…Elections in Armenia give the illusion of a choice when in reality what citizens are doing is expressing the choice that people in control want them to show. And what makes this whole ‘game’ enjoyable is the fact that most often than not, the political party which seems to be the front runner usually appears less than a year before the elections and miraculously manages to become ‘popular’ almost overnight.
For the more humorous and ironical aspects of the original post visit the self-styled Doctor here.
Onnik Krikoryan in this post at Oneworld Multimedia say’s “its about time someone injected a little humor alongside the predictable cynicsm which surrounds what usually are mere formalities“, speaking of the upcoming elections. Before pointing the readers to Dr. Spurkian’s post full of exactly that “injected little humour”, Onnik summerizes his understanding of what seems to be the task set by the authorities for the upcoming (s)elecitons:
That is, making things look like an election with ballot boxes and polling stations, but which are in reality simply a fascade to the real task at hand. This year that task is very simple — to create the environment in Parliament that will allow Kocharan to pass on power to a hand-picked successor and to ensure that the political and economic interests of the ruling regime are not threatened…
So, make sure to read the original post here…
Onnik Krikoryan reprots on the protest rally staged on February 2nd, outside the Chamber Music Hall, Yerevan in support of former Karabakh commander, Lebanese-born Zhirayr Sefilyan, who was arrested in December charged with planning to overthrow the Government, which Onnik had previously covered at the Eurasianet. The atmosphere around the event makes Onnik wondering about possible political scenario in the arrest:
Firstly, I don’t agree with Sefilyan’s position on the Karabakh negotiations which are still underway and apparently gaining momentum, and I certainly don’t agree with the opinion of some of his supporters who were in attendance today. Anyway, that’s not the point. What is of concern is that a lot of unanswered questions linger about the charges brought against Sefilyan, and especially as no evidence has yet to be presented to the public.
Instead, there appears to be legitimate grounds for concern that the real reason for Sefilyan’s arrest, along with that of colleague Vardan Malkhasyan, was political and linked to the coming 2007 parliamentary elections.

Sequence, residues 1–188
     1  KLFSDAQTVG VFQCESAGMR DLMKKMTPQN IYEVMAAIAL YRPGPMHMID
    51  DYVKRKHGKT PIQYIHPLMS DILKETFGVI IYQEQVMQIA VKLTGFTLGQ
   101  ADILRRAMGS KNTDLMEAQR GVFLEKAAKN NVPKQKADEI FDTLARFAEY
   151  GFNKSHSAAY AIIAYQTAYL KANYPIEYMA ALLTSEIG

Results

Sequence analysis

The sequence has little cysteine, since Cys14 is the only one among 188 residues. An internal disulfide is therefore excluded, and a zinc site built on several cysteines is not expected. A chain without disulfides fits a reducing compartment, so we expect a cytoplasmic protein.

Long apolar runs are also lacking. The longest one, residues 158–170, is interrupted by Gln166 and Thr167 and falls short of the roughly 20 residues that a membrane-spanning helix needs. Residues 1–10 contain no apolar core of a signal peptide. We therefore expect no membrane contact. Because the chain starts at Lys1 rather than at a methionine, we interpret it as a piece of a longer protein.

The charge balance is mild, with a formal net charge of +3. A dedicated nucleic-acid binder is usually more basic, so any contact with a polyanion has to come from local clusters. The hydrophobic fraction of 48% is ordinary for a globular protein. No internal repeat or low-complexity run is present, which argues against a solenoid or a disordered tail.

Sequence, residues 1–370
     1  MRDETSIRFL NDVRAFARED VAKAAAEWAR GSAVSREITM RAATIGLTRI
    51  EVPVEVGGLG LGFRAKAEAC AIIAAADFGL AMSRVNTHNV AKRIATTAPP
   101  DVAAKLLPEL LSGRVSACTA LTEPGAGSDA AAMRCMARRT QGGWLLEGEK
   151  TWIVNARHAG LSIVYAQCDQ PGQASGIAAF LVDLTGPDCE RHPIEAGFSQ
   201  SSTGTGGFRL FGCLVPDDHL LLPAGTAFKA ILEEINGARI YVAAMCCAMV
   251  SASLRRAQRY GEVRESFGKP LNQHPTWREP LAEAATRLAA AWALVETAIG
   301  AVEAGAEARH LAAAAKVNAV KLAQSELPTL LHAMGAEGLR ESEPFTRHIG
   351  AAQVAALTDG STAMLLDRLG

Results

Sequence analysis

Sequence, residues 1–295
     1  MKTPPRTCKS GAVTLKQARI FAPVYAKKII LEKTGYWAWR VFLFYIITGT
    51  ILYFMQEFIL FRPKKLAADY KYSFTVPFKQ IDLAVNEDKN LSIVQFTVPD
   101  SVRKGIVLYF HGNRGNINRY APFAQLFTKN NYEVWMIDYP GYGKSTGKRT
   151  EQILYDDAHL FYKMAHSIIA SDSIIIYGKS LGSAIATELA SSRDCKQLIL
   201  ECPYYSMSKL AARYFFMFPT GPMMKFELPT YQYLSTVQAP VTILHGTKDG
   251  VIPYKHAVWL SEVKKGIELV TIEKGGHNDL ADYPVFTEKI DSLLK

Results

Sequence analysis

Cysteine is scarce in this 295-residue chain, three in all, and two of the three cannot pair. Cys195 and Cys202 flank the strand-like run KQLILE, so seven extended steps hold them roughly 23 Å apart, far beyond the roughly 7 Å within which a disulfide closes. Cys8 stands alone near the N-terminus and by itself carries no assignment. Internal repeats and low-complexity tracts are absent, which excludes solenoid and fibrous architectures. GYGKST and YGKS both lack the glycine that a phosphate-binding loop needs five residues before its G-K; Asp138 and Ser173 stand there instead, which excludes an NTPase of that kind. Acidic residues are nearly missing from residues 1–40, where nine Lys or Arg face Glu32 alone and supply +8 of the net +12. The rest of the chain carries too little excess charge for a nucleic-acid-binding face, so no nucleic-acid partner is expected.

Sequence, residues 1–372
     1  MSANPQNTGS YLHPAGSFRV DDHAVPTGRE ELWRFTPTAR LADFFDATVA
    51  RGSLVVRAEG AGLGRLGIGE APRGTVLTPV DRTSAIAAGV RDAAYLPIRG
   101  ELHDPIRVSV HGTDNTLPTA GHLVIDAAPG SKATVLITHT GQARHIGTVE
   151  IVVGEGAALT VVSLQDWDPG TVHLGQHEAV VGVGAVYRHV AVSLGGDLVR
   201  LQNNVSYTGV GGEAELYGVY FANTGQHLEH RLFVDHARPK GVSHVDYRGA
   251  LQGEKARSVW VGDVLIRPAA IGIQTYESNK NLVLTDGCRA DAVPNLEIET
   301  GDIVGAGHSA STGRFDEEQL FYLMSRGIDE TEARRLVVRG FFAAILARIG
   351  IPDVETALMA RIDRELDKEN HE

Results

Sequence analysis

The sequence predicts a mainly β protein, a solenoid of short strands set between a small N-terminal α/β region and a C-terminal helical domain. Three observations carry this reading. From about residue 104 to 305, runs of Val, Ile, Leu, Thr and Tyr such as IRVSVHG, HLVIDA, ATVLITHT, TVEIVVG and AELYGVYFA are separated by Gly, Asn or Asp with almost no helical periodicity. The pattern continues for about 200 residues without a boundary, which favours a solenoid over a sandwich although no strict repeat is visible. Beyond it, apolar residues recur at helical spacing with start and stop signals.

On another post here Onnik reflects on the media coverage of the demonstration and demonstrates dangerous patterns there, with implied self-censorship and limitations of freedom of speech on such an obvously major issue as “plotting to overthrow the Government”.
Not newsworthy enough? Right, I mean, the guy is only accused of plotting to overthrow the Government. It’s not as if he simply ran a red light. Regardless, there were few TV cameras there, and mainly newspaper hacks.
So anyway, to read the full posts visit Oneworld Multimedia.
The Armenian blogosphere was dominated by the Genocide issue at the end of the week: Hyelog had 8! posts on Genocide and Turkish denial on February 3rd alone, Kornelij, Ahousekeeper, Martuni or Bust all had something to say, while Rhyne at Armenia blog had a pair of rhethoric quesions:
I am optimistic about this resolution. However, there is a chance that it may not make it. What will we do? Keep fighting until it is adopted, whether today, tomorrow, or in five years. There is a reason why Armenians have survived through the ages, regardless of conquest after conquest upon our people and culture: we never give up.
Blogrel discusses an article by the Armenianow: “Present and Future Power Debate: Who will be the choices in 2008?”, and singles out the point made by Washington D.C./Yerevan political analyst Richard Giragosian:
“The process of importing American democracy has exhausted itself. Today both the US and Russia want to maintain stability in Armenia and the CIS.
Read more here.
Onnik Krikoryan notes that Armenia has too many political parties, and provides a link to the web site: Parties.am to enforce this viewpoint.